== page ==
In chapter 29, Job begins to reminisce his better days. You can hear his mourning in his speech. We know how much he has lost, but of that, here, we learn what he most misses.
In verses 2-6, Job mourns the loss of God’s favor. He implies that he feels God is no longer watching over him, no longer lighting his way, no more his friend and no longer with him. How terrifying.
Next, in verses 7-17, Job mourns the loss of his good reputation as well as the respect he’d earned by his good life. This is not so much about him being disgraced as it is about him being disqualified for good use. We know because he was most upset about his loss of ability to serve, to protect, to do justice, and to be used due to his state and others’ presumption about its cause. The fact that people think he’s spiritually unfit, sinful, and deserving of punishment make him the last person on earth they will ever trust, believe, lean on or look to. How devastating.
Finally, in verses 21-25, Job mourns the honor he formerly had. He who had much wisdom, much experience, and the most right to be heard had not one who was still listening. How frustrating.
Verses 18-20 tell us that Job fully expected to live out his days in the blessing he’d been experiencing. Naturally, if you’re doing right, being faithful, and being blessed, it’s easy to begin to believe that the blessing is a result of the service – and sometimes it may well be. God does reward faithfulness – both on earth and in heaven. A man reaps what he sows. It’s just that, sometimes, he chooses to do it on earth and other times he waits until heaven.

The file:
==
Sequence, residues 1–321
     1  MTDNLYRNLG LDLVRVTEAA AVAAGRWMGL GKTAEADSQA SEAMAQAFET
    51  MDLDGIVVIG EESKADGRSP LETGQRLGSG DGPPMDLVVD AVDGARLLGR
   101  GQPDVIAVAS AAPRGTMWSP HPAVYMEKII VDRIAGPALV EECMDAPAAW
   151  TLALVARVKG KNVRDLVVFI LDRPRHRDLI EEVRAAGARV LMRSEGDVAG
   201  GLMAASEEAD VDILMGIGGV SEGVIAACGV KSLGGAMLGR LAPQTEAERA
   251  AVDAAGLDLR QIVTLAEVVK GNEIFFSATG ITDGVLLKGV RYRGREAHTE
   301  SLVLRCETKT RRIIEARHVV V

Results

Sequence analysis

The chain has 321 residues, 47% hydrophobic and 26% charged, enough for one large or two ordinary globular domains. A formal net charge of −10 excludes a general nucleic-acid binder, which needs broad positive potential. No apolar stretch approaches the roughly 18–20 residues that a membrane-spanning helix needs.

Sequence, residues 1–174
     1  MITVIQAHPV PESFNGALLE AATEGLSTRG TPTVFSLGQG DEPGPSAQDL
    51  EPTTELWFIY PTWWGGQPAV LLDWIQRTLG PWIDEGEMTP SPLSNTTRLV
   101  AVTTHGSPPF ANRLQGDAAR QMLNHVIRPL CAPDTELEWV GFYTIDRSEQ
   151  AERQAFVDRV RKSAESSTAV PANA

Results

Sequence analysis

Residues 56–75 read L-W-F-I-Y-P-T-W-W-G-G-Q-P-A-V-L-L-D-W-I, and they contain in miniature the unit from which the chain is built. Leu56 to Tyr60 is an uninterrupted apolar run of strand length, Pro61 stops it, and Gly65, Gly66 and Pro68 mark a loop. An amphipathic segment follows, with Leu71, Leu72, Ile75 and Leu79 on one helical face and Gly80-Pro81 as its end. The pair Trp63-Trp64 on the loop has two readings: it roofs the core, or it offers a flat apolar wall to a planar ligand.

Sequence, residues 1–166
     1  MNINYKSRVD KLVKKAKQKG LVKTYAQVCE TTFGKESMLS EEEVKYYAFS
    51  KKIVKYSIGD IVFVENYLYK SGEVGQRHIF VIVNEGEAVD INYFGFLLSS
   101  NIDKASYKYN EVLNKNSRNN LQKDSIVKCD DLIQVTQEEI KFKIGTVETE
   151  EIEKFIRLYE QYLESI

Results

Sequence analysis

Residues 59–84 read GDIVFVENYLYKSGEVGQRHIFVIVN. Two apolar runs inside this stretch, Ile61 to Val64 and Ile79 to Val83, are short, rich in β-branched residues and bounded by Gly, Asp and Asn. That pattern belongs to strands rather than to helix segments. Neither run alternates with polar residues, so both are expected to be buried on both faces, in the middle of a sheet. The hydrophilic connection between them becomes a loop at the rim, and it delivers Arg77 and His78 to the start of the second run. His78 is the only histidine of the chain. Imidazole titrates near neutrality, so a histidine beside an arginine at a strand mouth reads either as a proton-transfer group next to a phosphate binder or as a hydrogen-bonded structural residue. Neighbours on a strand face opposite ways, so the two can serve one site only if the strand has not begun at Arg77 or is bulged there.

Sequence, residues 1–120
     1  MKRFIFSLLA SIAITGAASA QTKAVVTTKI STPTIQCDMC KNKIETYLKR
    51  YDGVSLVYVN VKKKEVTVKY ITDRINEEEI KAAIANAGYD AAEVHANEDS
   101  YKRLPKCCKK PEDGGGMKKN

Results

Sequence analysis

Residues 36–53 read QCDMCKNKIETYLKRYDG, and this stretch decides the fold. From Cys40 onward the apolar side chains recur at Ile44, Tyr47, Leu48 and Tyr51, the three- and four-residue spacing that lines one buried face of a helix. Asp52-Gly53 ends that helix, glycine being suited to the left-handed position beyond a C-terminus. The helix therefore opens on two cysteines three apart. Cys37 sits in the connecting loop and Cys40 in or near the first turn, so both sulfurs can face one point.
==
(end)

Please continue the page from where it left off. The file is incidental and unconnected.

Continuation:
The truth is that we are never promised earthly blessings in exchange for faithfulness to God. We are only promised heavenly ones (which, I really have a feeling, are much better anyway.) If we happen to get earthly blessings, it’s an extra gift. And it’s not because we were perfectly faithful anyway (we never are), but because God is.
So, what do you do when you’ve dotted your i’s, crossed your t’s, lived in God’s favor, and then it all goes terribly wrong? What do you do when you’ve truly done your very best to please God and be faithful, and yet, life becomes terrifying, devastating, and sickeningly frustrating?
“Eloi, Eloi, lema sabachthani?” which means, “My God, my God, why have you forsaken me?” ~Mark 15:34
You remember Jesus. God’s favor was removed from him for a time, too. His reputation was quite sketchy despite his…perfect life. He, who was most deserving of honor, was dishonored most severely.
Faithfulness is not a free ticket to earthly blessing, but, usually, just the opposite. Rest assured that even if no one else ever does, God sees and he will surely reward you in heaven.
And without faith it is impossible to please him, for whoever would draw near to God must believe that he exists and that he rewards those who seek him. ~Hebrews 11:6